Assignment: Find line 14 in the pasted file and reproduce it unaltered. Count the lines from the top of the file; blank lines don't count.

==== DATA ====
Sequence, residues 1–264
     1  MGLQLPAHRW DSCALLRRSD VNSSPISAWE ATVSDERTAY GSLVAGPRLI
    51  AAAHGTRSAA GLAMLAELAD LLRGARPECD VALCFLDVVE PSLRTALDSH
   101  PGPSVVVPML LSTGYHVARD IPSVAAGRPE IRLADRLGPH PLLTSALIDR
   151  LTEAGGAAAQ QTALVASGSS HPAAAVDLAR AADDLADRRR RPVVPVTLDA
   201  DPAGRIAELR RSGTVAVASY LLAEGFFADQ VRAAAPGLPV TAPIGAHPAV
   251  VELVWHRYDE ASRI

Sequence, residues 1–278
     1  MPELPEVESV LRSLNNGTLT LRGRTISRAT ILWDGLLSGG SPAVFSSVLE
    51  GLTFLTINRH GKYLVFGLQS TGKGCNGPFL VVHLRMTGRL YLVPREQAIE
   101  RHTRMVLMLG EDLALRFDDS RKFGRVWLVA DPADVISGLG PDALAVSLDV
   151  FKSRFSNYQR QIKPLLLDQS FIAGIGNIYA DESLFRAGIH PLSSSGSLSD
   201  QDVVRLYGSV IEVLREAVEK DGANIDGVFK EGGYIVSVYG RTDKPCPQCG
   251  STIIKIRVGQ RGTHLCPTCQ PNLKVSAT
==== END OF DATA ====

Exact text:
   251  STIIKIRVGQ RGTHLCPTCQ PNLKVSAT